They say no matter how many games you have watched, you have never seen it all in baseball. This play last week was proof of that. There is virtually no way to discover if this has ever happened before either, as it would not be recorded in the play-by-play data.
This does remind us of the odd rule—or lack of a rule—concerning two runners occupying one base. Which is that the runner is not out until he is tagged.
Therefore if the situation were to arise that the defense refused to tag out the trailing runner, and instead pitch to the next batter, both runners would legally be occupying the same base. Unless the umpires stepped in, and we’ll assume for fun that they do not, all nine players on the team could theoretically be on base simultaneously.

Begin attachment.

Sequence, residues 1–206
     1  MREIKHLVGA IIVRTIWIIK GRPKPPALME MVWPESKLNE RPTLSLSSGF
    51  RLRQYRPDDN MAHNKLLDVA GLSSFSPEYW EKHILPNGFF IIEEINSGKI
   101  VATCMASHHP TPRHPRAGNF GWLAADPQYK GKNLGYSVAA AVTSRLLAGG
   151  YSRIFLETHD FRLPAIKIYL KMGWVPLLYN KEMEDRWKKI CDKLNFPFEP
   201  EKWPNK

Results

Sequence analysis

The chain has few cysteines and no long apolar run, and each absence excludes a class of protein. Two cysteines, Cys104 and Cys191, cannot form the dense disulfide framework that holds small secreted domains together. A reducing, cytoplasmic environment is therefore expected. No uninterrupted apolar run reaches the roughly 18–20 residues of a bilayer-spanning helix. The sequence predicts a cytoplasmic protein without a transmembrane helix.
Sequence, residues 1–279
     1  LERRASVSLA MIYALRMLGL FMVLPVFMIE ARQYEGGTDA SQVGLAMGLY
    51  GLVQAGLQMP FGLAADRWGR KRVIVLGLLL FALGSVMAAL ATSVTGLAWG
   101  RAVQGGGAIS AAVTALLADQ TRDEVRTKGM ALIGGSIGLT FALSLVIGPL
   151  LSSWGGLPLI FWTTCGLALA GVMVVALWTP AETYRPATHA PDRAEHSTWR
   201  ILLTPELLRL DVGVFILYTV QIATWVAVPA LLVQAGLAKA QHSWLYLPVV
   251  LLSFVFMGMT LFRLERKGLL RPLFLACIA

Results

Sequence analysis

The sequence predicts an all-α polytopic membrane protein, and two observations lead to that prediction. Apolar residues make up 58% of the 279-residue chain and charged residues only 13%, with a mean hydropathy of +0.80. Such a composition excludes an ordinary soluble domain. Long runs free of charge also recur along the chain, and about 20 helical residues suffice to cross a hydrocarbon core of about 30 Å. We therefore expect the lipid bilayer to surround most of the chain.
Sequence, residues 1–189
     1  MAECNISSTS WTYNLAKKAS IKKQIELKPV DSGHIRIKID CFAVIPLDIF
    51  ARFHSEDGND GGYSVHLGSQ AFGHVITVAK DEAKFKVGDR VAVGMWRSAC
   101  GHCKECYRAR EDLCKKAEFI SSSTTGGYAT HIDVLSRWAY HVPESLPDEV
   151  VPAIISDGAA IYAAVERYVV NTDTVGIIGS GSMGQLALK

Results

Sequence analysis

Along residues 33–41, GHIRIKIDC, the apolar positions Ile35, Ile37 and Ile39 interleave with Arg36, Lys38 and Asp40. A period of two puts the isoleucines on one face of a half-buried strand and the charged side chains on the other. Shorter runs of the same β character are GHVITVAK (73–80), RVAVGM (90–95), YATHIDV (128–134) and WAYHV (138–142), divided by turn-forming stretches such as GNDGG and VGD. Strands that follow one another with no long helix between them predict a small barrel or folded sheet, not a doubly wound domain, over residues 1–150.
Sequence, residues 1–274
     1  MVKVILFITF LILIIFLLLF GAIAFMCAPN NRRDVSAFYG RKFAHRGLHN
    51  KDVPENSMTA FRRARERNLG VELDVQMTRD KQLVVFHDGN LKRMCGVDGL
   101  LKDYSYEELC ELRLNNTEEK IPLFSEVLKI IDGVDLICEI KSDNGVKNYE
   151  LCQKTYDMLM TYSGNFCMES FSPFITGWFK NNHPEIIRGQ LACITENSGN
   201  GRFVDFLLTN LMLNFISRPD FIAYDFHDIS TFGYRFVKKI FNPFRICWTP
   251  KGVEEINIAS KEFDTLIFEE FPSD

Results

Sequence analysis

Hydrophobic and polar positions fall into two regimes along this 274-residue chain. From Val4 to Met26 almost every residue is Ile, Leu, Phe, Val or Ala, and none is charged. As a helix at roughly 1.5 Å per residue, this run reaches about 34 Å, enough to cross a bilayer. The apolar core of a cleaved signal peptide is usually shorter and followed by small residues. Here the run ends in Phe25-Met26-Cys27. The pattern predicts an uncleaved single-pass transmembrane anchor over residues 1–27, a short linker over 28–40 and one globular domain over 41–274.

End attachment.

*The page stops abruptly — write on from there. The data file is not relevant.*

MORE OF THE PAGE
Or just shy of that, eight runners could end up on base and the ninth could hit a 9-run home run. Unfortunately we’ll never get to see that happen… just like we will never see anyone run backwards from second to first base.